Click on the little umbrella (or Mr. Sun, or whatever), or the “get the complete forecast from Weather Underground” text and your screen will flip and you will be taken to the mobile version of the Wunderground web page for your current location, which is everything the mobile app is not. There is complete weather data formatted for your phone, including Moon phase, and a version of the Wundermap that is considerably better than what is in the app. Sure, you can go to the mobile version of the Wunderground web page with your phone’s browser, but I find it easier to get there by going through Quickie. And who knows? They might improve Weather Quickie some day, maybe even adding temperature to its display, you never know.

Clear Sky Chart (Clock)

Clear Sky Chart used to be known as “Clear Sky Clock,” until this goober with a fraking clock business threatened to sue CSC proprietor and developer Attilla Danko. What CSC does is download forecast data from the Canadian Meteorological Center and put it in graphic form for you. The picture is composed of several graphs, with the most important for most of us being “Cloud Cover,” “Transparency,” and “Seeing.”

To the right of each category is a line of little blocks:  dark blue = “good,” white = “bad” with several color gradations in-between. The forecast range of CSC is 48-hours, which is usually plenty. How accurate? When talking “weather,” “accurate” is still a relative thing, and it’s possible to have white squares all down the line and have a great night. Still, used in combination with other weather data sources, CSC is purty reliable, just keep checking it for changes.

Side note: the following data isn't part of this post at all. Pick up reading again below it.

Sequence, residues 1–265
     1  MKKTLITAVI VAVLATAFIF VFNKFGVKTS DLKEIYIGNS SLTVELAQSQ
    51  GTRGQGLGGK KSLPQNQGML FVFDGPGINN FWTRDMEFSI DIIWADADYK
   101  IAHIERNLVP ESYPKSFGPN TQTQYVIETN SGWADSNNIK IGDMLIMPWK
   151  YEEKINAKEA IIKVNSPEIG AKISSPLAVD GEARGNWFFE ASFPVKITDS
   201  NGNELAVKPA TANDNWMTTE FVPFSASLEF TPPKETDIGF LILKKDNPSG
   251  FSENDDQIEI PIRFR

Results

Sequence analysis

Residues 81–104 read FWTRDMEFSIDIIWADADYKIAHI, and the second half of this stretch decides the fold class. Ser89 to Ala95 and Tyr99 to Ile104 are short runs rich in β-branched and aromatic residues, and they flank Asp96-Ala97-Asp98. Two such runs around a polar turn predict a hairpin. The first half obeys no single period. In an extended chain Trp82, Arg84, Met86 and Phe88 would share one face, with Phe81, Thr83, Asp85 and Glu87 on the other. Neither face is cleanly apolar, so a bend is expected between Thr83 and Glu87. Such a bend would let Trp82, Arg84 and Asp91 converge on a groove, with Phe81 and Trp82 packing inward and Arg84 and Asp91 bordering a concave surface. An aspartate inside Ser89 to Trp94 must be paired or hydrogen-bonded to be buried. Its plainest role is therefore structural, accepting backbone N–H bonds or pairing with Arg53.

Clear Sky Chart has been the preeminent astronomy-centered weather program for years now. That’s because it is very good, but it is also because it has not had much competition. The rise of smart phones and tablets is changing that with several astro-centric weather apps having appeared in the last year or two. Some, like an iPhone app called Scope Nights, have taken the ball and run with it, and are threatening to eclipse CSC for amateur astronomers. How good are these new ones? I will tell you about ‘em some day soon.

Weather Radio

How did li’l Unk get most of his weather data back in the mid-1960s? Usually with my prized 6-transistor radio. Actually, it was Mama’s radio, but she let me listen to it once in a while. Fact is, radio is still a convenient way for amateurs to find out what the weather will be. Especially since some of the places we observe from are bereft of cable TV and may not even have wi-fi Internet or cell phone coverage (horrors).